Bender, Wolfgang. Sweet Mother: Modern African Music. Chicago: University of Chicago Press, 1991.
Originally published in German in 1985. Drawing on first-hand experience, this book discusses the sounds and sociopolitical contexts of contemporary popular music genres in over a dozen sub-Saharan African countries.
Collins, John. West African Pop Roots. Philadelphia: Temple University Press, 1992.
Introduces the sounds and contexts of late-20th-century West African popular music, based mostly on firsthand accounts by the author, a longtime participant in Ghanaian popular music. Flemming Harrev supplies the chapter on the francophone scene. Earlier version published in 1985 as African Pop Roots: The Inside Rhythms of Africa (London: W. Foulsham).
Erlmann, Veit, and Urban Bareis, eds. Populäre Musik in Afrika. Berlin: Museum für Völkerkunde, 1991.
Ten valuable chapters on the historical development and formal elements of various sub-Saharan popular music genres. Rich in transcriptions and illustrations, and includes two compact discs of audio examples. All chapters are in German, though about half of the authors are Anglophone scholars.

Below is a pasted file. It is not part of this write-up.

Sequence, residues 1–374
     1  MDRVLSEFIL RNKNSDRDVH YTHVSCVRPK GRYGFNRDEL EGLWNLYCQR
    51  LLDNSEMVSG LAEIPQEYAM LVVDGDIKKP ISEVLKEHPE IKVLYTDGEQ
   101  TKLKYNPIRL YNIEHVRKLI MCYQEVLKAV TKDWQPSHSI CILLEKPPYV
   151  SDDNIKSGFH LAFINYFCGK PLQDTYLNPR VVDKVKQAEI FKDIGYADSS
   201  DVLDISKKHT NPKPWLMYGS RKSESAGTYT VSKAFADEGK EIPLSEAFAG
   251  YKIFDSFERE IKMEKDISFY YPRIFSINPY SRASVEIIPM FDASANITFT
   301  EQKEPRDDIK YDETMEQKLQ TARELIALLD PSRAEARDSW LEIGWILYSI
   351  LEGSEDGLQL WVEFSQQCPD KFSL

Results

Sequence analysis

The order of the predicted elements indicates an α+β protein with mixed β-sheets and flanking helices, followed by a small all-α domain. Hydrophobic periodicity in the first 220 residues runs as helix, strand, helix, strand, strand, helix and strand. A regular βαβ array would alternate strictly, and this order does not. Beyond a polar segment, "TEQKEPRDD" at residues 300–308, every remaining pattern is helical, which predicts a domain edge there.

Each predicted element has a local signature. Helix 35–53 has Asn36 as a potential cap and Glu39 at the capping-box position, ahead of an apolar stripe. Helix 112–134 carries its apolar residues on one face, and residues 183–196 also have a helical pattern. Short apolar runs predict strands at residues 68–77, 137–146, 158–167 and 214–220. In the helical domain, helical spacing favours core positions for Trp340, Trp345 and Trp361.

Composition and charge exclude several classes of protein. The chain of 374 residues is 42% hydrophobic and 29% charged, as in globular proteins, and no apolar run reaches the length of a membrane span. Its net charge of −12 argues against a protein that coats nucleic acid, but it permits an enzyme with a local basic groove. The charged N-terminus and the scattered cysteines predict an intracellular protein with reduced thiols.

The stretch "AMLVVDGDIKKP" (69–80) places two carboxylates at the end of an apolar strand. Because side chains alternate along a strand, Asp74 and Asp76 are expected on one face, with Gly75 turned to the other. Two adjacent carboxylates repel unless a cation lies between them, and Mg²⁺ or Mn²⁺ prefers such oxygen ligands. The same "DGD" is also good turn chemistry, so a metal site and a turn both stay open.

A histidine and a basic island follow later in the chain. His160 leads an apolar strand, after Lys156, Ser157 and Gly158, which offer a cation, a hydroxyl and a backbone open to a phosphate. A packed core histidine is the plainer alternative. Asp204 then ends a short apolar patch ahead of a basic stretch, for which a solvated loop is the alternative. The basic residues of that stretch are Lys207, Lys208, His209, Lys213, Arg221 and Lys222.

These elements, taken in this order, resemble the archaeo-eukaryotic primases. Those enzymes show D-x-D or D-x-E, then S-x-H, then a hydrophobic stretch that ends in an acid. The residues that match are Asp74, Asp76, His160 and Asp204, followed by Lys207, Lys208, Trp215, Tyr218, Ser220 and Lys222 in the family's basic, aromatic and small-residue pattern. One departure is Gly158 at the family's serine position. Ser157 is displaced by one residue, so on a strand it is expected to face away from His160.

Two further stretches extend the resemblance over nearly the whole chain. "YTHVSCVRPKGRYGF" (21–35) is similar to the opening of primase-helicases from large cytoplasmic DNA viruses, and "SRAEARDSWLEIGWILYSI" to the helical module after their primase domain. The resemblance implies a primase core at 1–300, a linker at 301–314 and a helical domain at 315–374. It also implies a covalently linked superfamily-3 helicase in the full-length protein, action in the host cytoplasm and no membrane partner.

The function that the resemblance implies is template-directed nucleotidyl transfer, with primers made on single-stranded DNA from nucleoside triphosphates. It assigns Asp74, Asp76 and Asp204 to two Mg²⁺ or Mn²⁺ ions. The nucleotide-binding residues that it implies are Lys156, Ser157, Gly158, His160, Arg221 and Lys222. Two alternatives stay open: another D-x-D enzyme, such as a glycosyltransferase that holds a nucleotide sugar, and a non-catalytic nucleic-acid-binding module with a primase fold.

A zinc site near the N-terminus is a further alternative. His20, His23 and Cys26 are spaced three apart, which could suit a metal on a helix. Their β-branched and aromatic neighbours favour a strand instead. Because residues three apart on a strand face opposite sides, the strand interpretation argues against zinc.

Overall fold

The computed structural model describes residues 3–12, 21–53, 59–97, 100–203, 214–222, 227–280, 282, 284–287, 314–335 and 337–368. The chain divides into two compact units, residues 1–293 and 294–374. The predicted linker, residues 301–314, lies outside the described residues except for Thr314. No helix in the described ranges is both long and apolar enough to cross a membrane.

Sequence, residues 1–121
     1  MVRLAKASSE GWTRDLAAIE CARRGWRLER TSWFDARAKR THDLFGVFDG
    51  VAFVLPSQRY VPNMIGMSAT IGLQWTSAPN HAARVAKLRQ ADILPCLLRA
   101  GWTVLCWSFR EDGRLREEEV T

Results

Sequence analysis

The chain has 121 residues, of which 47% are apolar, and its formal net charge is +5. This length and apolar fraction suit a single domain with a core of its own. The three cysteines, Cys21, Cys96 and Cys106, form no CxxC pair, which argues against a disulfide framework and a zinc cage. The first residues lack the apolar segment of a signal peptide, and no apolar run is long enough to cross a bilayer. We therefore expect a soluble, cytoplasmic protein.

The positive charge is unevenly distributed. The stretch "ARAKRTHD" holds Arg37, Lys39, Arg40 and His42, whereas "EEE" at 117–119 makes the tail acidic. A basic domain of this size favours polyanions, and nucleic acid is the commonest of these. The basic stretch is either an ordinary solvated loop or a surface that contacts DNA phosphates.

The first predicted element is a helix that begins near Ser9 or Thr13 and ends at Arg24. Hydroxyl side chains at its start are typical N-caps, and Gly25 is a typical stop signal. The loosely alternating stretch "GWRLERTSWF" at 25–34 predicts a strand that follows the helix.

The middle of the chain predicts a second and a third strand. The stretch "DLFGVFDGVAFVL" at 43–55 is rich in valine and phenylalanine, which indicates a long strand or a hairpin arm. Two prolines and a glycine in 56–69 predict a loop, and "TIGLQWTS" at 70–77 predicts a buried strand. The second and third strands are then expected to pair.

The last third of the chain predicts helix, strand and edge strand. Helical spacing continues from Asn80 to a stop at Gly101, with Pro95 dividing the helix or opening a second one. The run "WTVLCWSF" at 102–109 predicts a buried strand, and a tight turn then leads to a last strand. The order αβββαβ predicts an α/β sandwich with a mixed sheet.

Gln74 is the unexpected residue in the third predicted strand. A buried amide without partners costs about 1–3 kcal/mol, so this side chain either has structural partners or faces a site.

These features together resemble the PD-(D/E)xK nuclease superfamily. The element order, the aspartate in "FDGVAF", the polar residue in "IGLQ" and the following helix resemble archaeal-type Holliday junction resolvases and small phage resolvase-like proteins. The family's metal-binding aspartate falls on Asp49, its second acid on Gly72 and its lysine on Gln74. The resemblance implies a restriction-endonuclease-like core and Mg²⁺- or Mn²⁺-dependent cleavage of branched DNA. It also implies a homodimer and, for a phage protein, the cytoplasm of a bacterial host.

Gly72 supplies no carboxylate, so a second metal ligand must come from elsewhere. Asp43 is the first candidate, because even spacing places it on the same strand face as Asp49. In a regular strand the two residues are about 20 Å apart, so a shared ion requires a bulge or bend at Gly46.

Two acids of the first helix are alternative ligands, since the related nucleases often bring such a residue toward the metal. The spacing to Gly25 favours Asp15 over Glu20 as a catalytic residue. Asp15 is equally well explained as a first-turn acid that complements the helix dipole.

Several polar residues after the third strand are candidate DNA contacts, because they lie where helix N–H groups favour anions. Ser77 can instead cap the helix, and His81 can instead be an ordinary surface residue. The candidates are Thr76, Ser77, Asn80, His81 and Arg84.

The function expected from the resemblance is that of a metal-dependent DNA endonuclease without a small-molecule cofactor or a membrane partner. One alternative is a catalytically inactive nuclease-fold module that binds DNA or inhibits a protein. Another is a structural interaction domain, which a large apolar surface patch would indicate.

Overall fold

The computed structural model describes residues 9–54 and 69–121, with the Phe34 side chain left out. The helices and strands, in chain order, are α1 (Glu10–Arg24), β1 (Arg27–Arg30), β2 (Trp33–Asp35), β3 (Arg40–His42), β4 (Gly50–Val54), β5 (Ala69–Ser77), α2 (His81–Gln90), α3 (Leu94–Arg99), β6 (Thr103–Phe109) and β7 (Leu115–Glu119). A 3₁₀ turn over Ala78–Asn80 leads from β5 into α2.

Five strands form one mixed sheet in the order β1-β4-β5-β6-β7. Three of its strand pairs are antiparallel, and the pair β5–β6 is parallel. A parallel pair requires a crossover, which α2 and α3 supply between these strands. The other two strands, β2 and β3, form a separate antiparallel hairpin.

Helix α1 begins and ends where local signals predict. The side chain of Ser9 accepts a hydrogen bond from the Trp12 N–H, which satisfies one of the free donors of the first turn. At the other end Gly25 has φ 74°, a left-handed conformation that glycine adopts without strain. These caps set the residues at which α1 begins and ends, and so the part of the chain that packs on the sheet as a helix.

Ewens, Graeme. Africa O-Ye! A Celebration of African Music. Enfield, UK: Guinness, 1991.
A pithy primer for a general readership, with hundreds of photos and illustrations. Its continent-wide purview and deftly written style-area surveys make it also a valuable reference for serious researchers and students.
Stapleton, Chris, and Chris May. African Rock: The Pop Music of a Continent. New York: Dutton, 1990.
Originally published in 1987 as African All-Stars: The Pop Music of a Continent (London: Quartet). An in-depth overview of sub-Saharan popular music for a general readership. Includes profiles of numerous style areas, plus an introduction and notes on industrial contexts. The introductory chapter on music and urbanization in Africa is invaluable for undergraduate survey courses.
Tenaille, Frank. Music is the Weapon of the Future: Fifty Years of African Popular Music. Translated by Stephen Toussaint and Hope Sandrine. Chicago: Lawrence Hill, 2002.
Originally published in 2000 in French, as Le swing du caméléon: Musiques et chansons africaines, 1950–2000 (Arles, France: Actes Sud). A history and survey of sub-Saharan popular music presented through thirty brief portraits of artists and genres. May be useful for undergraduate survey courses.